Deputy Prosecutor-General for the Southern Federal District Nikolai Shepel announced on April 22 in Nalchik that Aslan Maskhadov’s body had been buried in accordance with the law on terrorism and that “the burial place is not to be revealed,” Itar-Tass reported. “Like with the graves of other Chechen leaders, Ruslan Gelaev (who was shot by two border guards) and Salman Raduev (who was convicted and mysteriously died in prison), on Maskhadov’s grave will be only a name plate with a number,” gazeta.ru wrote on April 22. “Thus all the recent disputes over whether or not to hand over Maskhadov’s body to [his] relatives are over.”
In fact, Maskhadov’s relatives, who demanded repeatedly that his body be returned, are planning to take their case to the European Court of Human Rights in Strasbourg. “We still hope that this decision will be revised and the body will be given to us,” the Associated Press quoted Maskhadov’s son, Anzor, as saying. “In case they don’t change their mind we will have to appeal to the Strasbourg court.” Kommersant on April 23 quoted the acting chairman of the separatist Chechen government, Selim Beshaev, who is in France, as saying that several members of the European Parliament had said they plan to demand that the Russian authorities return Maskhadov’s body to his relatives. Kavkazky Uzel reported on April 26 that representatives of Chechen human rights and public organizations had decided to appeal to President Vladimir Putin for the return of Maskhadov’s body to his relatives and to involve both Russian and international organizations in the campaign.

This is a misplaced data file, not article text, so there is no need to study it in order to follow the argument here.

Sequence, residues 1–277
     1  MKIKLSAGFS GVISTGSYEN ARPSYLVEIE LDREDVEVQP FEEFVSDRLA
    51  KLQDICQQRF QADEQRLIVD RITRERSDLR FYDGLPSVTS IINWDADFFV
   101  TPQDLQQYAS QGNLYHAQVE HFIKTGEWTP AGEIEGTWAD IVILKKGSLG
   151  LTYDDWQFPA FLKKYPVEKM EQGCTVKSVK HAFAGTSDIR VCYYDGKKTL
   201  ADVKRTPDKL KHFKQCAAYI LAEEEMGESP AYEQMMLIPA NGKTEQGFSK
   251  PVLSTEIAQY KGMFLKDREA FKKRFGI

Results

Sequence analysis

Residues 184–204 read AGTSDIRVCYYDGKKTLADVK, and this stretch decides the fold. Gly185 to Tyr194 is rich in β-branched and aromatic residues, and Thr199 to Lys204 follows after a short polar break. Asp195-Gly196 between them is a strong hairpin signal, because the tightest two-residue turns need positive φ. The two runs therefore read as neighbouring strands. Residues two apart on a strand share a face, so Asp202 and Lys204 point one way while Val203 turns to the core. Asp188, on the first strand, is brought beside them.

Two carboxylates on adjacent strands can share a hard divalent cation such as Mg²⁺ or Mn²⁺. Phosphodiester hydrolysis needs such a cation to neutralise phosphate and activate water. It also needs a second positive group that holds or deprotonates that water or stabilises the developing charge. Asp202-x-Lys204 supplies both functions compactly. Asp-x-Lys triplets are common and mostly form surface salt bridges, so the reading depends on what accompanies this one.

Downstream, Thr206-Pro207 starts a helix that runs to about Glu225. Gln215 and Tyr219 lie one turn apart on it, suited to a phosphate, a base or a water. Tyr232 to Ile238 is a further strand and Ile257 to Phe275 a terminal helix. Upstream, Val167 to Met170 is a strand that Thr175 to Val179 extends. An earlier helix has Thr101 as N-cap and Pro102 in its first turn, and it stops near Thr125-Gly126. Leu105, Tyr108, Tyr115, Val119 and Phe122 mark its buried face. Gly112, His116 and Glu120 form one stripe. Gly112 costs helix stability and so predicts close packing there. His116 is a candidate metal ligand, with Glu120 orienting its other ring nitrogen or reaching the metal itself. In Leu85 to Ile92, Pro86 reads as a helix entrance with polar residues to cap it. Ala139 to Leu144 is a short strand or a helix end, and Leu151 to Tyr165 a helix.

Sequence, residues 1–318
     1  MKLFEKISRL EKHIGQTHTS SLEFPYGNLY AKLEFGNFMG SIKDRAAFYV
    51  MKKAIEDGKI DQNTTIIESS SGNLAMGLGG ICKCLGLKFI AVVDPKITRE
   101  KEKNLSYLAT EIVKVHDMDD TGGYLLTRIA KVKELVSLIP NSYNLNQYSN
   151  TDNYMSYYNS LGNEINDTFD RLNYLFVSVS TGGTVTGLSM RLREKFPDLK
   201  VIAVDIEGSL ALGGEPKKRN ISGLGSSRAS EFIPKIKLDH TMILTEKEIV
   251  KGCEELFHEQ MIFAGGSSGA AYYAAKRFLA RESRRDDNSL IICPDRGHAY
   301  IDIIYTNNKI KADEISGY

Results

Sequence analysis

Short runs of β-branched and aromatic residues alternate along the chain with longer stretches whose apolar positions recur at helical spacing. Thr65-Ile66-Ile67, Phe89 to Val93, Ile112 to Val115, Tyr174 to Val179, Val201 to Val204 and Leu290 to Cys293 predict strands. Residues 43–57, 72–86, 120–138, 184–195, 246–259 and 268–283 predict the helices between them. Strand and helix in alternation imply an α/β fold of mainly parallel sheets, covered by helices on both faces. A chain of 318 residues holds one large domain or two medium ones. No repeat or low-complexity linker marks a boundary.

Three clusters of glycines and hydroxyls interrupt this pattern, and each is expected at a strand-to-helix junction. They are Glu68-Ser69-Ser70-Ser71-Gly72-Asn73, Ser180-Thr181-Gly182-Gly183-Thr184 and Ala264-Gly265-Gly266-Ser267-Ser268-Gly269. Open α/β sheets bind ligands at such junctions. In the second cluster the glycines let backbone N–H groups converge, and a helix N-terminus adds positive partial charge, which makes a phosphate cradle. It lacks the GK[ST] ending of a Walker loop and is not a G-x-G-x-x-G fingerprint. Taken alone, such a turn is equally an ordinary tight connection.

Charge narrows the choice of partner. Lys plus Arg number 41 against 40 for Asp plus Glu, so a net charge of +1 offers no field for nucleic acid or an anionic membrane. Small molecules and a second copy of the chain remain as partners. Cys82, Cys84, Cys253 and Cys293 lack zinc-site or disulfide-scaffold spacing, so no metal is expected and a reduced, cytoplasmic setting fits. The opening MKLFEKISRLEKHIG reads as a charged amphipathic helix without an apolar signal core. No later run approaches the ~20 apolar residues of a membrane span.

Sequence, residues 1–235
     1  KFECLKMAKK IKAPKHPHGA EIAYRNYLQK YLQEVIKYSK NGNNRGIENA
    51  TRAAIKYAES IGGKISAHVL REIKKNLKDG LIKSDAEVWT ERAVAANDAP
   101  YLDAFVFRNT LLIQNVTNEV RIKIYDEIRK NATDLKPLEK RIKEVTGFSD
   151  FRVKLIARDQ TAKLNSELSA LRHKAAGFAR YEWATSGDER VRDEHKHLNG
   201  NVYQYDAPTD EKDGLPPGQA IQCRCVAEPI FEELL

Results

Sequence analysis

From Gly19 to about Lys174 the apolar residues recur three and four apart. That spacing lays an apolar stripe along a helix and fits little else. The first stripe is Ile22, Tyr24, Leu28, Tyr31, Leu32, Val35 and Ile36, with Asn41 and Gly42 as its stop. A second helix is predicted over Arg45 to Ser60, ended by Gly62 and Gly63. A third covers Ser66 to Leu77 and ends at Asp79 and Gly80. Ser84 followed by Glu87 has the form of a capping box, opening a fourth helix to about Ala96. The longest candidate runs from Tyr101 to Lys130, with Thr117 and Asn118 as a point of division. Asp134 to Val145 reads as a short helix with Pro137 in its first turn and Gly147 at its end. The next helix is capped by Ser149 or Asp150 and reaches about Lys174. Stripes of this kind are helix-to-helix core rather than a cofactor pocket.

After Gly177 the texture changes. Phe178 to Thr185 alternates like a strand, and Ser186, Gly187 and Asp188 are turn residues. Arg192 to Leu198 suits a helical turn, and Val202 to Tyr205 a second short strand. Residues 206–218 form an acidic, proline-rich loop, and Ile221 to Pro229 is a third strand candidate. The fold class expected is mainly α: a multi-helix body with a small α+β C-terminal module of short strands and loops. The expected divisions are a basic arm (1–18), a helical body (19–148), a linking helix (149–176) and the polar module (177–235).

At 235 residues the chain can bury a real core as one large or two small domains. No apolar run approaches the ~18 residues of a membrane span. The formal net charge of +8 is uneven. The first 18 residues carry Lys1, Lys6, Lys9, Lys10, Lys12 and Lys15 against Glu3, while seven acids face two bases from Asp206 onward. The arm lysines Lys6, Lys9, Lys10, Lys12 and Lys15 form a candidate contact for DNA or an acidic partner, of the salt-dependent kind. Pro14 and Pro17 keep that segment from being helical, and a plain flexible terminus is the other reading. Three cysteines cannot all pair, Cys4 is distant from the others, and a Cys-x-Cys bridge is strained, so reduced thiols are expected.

Taisa Isaeva, head of the information center of the Council of Chechen Non-Governmental Organizations, added that Chechen NGOs had held a roundtable on April 16 in Nazran, Ingushetia, to discuss human rights violation in Chechnya. “At that time a decision was reached to prepare an appeal to the Russian leadership and the international community calling on them to resolve the issue of delivering the Aslan Maskhadov’s body to his relatives,” Isaeva told Kavakzaky Uzel. “Some of those in attendance thought it was also necessary to appeal to the mufti of Chechnya and the head of the republic, Alu Alkhanov, but that idea was rejected. The text of the appeal to the Russian president is now ready, and work is being carried out to collect signatures. More than 40 non-governmental organizations and people involved in human rights activity in Chechnya have agreed to support our appeal. Concurrently, we have sent a letter to representatives of both Russian and international human rights organizations calling on them to sign the appeal to Vladimir Putin to return Maskhadov’s body. Some of them have already agreed to do so.”